Flip key numbers upside down to improve understanding. For example, a first call resolution rate of 86 percent looks good – but reporting that 14 percent of calls are not resolved on first attempt often puts healthy focus on the issue (interpret carefully – see last point). Similarly, a report showing that 91 percent of customers are satisfied doesn't attract much attention; pointing out that 9 percent are not happy tends to compel more action.

Avoid daily summary reports. Consistent performance, interval by interval, is one of the telltale signs of a well-run contact center. The good news is, you don’t have to get buried in data to report such thing as service level, forecast accuracy and other important operational metrics by interval. A simple alternative is to create a table with five or six rows and then input the number or percent of increments that were within, say, 2.5 percent of your target (first row), 5 percent (second row) and so on. You determine the thresholds—and you can tighten them down the road as performance becomes more precise.

Use skills based routing sparingly. Some contact centers can’t say with precision where contacts go because their skills- or contingency-based routing environments are so complex. Keep your routing contingencies simple enough to manage. Then invest the time necessary to forecast, staff and schedule for the specialized mix of contacts the center is handling. Keep it simple!

Pressure-test your contact center. Some routinely write off bad days – when they miss their objectives by a long shot – as, well, bad days. But those are likely the days that customers needed those services most. Fluctuations in the financial markets, bad weather, unexpected publicity, whatever else – these are the times we really need to get it right!

Develop an up-to-date customer access strategy. Customer access strategies are like business plans in the sense that some are well-documented and others exist only in pieces and in the heads of various managers. Too often, the latter is the case. But there are standout examples of plans that are effective and up-to-date. The best define customer segments, track access numbers and email addresses, document service levels and other objectives, and provide guidelines for rolling out new services.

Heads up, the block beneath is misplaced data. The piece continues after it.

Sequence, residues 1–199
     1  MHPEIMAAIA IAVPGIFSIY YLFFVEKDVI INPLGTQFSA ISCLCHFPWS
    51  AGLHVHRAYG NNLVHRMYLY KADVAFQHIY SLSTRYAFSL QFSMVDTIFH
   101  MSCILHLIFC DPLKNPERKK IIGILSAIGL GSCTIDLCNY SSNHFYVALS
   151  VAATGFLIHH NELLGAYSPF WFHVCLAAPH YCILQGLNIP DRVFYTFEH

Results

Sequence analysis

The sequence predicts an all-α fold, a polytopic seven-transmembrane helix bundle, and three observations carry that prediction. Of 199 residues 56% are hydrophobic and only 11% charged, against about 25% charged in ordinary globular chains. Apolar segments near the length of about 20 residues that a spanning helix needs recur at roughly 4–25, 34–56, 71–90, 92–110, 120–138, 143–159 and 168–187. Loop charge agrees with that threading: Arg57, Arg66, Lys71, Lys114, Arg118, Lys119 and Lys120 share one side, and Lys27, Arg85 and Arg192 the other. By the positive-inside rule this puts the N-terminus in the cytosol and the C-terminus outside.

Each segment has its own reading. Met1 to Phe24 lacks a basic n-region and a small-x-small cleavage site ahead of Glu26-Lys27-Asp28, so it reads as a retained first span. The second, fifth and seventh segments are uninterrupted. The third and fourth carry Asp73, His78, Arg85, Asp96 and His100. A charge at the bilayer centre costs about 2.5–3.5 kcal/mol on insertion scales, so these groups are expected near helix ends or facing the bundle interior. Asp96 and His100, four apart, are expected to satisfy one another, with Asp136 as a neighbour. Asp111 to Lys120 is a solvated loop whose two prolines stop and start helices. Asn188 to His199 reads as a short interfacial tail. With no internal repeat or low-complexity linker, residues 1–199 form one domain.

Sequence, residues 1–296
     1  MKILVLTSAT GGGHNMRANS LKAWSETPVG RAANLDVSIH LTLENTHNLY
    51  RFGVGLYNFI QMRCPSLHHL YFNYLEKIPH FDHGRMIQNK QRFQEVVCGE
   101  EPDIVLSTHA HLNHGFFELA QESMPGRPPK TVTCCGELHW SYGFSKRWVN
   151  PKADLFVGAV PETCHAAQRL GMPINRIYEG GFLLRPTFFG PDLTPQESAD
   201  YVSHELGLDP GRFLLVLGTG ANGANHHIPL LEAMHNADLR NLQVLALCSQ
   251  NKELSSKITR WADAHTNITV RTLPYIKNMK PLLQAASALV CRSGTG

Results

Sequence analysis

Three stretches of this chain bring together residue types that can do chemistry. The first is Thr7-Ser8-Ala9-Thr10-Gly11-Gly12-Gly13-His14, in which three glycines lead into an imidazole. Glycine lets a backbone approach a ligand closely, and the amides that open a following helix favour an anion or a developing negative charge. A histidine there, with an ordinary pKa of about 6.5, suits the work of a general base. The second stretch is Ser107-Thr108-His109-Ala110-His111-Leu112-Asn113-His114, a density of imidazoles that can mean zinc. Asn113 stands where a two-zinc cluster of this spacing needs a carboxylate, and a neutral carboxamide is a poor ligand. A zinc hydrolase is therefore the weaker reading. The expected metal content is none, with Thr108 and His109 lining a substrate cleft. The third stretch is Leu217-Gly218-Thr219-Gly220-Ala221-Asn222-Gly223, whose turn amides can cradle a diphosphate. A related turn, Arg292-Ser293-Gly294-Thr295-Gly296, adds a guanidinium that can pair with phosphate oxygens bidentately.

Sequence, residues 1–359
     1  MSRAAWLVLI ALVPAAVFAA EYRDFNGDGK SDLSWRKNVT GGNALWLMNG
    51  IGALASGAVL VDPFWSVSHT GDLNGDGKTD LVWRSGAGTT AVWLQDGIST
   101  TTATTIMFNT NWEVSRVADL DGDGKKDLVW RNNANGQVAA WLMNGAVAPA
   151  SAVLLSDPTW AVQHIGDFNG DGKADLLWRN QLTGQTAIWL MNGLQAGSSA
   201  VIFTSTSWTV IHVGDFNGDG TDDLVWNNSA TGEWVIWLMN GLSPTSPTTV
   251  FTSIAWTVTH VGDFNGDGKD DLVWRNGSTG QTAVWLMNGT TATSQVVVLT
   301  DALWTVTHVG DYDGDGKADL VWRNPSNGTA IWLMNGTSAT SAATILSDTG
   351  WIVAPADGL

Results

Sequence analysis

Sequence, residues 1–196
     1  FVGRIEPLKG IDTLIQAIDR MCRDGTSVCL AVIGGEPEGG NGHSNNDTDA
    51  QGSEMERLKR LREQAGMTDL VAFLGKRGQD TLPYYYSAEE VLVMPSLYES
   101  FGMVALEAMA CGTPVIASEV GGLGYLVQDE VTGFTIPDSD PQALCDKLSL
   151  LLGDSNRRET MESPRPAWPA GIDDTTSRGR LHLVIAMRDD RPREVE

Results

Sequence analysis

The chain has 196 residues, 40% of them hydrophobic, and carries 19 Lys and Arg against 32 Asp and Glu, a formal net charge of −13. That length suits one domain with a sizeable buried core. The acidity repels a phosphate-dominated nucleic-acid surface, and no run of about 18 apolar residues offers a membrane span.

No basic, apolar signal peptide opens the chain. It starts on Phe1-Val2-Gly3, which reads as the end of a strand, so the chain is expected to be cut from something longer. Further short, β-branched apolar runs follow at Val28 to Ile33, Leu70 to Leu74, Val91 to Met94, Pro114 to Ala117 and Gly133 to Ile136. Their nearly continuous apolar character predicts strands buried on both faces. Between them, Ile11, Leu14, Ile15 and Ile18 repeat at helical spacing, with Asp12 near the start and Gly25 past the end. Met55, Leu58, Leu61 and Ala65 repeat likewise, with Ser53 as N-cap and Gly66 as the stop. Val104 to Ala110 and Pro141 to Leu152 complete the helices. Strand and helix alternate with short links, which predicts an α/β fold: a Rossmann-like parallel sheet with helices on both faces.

Have colleagues outside the contact center help you quantify the center's value. A financial organization realized a $1.5 million annual cost reduction from self-serve improvements, by including agents in systems design. A hospital saved 29,120 hours of staff time – that’s 14 people – by pulling in and effectively handling contacts were previously going to a hodgepodge of departments. You don't have to come up with these numbers yourself – pull in your colleagues from other areas and have them help you put a pencil to these contributions.

For every major contact type – ask, why? Why are we getting those calls/emails/tweets? Can/should they be prevented? What can we learn from them, e.g., to make system and process improvements? What other channels or social communities may make sense – and how can we encourage customers to use them?

Create an organization chart with dotted lines that illustrates your "real" team. This chart is for you – it reminds you of everyone across the organization and beyond who helps make the call center wheels go round. It includes those who impact the call center's workload and/or benefit from the customer intelligence the call center captures. Creating this picture reminds you of key players – and underscores the collaboration that must happen to create great results.



Topics: Site Operations, Strategy & Planning, Workforce Management, Customer Experience